A few years back, I decided to build a software product by teaming up with a friend. After months of effort, the product was ready, and we went all guns blazing to sell it to our target users. We had a hard time selling it because another major player had grabbed more than half the users of the market.
After struggling for a year, we gave up and closed the business. I kicked my luck, thinking, “If we had started this a year earlier, the story would have been so different.”
So what just happened when I thought that? Using an excuse, I convinced myself that I had done my best and success was out of my control. But that was far from the truth.
Why do we make excuses?
If you look at yourself carefully, you will realize that you often give reasons for failure and mistakes. Sometimes the reasons are to convince others of why things went wrong. But more often, our excuses serve a different purpose without our knowledge.
Here are the top reasons why we make excuses:
1 Excuses make you feel good
Giving an excuse is the easiest way to point the blame elsewhere. When you have another person or circumstance to blame, you feel relieved about yourself. Your ego stays intact because you believe the excuse was the real reason why you made a mistake.
2 Excuses make you believe you tried
The internet is full of articles that adore hard work, irrespective of the results. When you have an excuse, you fool yourself into believing you put in all the effort and tried your best.
3 Excuses help you hide your mistakes
Every time you make a mistake, your ego takes a dent, and your self-esteem takes a hit. To avoid making yourself seem inferior in your own eyes, you make a reason behind why you failed.
The moment you have a reason, you sweep your mistakes under the rug, thinking, “Well, it wasn’t really my mistake after all. I was just being hard on myself.” In a flash, you forget your mistake forever.
Most Common Examples of Excuses
Excuses come up in various shapes and forms. You and I have different excuses based on the scenarios. Here are the most common reasons you come across.
1 Blaming traffic for coming late
“I left an hour ago, but due to the damn traffic, I only reached now.” I am sure you have either heard that or said it yourself. Blaming traffic is the easiest way to cover up our mistake of leaving late or incorrectly anticipating the time required to reach the location.
The others who showed up on time drove through the same traffic. The only difference was that they had the discipline to leave earlier than you did.
2 Blaming the management for lack of growth
“I do a lot of work, but my manager never promotes me.” Many employees across different organizations have this complaint often. The truth is employees do not sit down to talk to their manager about what they need to do for their growth. Even if they do, they disagree with what the manager suggests.
In some cases, bad managers are the reason. But the employee often prefers to continue to work like he always has without stepping out of his comfort zone. When no growth ensues, he blames the manager for not doing enough.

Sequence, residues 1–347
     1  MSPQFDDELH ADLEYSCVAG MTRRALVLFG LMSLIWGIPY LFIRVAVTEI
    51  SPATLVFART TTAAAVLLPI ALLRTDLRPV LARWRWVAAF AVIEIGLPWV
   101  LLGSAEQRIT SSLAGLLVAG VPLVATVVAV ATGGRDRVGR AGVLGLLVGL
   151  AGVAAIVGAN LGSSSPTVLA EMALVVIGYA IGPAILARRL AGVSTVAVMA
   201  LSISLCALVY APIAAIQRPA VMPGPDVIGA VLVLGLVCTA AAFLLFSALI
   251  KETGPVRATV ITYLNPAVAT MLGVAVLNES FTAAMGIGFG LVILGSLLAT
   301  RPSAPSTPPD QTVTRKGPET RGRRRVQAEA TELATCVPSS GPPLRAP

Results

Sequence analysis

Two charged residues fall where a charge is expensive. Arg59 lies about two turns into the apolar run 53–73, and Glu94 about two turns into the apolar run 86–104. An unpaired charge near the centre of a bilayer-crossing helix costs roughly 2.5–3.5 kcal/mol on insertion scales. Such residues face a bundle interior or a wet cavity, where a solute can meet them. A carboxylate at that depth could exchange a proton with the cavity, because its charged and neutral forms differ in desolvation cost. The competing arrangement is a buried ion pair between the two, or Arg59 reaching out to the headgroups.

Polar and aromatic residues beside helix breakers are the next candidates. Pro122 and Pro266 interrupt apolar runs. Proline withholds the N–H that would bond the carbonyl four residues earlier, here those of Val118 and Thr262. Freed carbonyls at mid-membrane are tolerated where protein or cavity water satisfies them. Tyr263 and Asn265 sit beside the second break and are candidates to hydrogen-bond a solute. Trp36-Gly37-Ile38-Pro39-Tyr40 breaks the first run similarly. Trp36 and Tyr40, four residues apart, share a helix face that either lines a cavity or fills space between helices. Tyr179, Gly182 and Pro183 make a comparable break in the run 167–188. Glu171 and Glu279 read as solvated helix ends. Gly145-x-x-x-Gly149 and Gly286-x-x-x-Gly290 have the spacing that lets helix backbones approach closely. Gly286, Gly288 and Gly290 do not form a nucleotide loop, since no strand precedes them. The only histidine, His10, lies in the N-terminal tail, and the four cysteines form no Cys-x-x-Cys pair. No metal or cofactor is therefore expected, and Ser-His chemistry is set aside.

3 Blaming luck
“The dude who won the event got really lucky. If only I had the luck today.” Such excuses are common after a competition.
Blaming luck is your way of convincing yourself that you are the best, even if you did not win. You do not want to accept that the other competitor put in more hard work and showed more talent than you.
Instead of accepting your shortcomings, you prefer devaluing the performance of others to make yourself feel better.
How to stop making excuses
The sooner you stop making excuses, the faster you will grow in all aspects of life. Here are some tips on saying no to reasons and excuses.
1 Relook your ifs and buts
“I worked hard, but ...”
“If I had two more weeks to prepare, I would have ...”
“I did everything right, but luck...”
After you fail, watch your words and thoughts. When you use words like “if”, “but” you are almost certainly making a reason. Ask yourself whether the reason is valid or not. In most cases, it isn’t.
2 Look at what you could have done better
Develop a culture of no blame. No matter what went wrong, you must only look at what you could have done better.
Soichiro Honda, the founder of Honda Motors, went through gargantuan setbacks in the early years of his venture. He faced issues with supplies of petrol and raw materials due to the world war. Planes bombed his factory twice during the same war. After the war, an earthquake reduced his factory to rubble.
Soichiro could have blamed all these circumstances, but he chose not to. If he did, none of us would know about Honda Motors today.
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3 Realize that making excuses is useless
When you make a reason, you convince somebody else or yourself that the reason behind the mistake wasn’t you. Such a mindset does little for your improvement. An excuse is a darkness in which you hide instead of having the audacity to face your flaws in broad daylight.
We all make mistakes. They’re inevitable because no one is perfect. What is important is how you react after your mistake.
Every time you make a mistake, you face a choice. You can either find a reason to justify the mistake or peek into your soul to find what you could have done better. The mediocre person chooses to make an excuse, and the successful gentleman notes down what he would change the next time. Which one among the two will you be?
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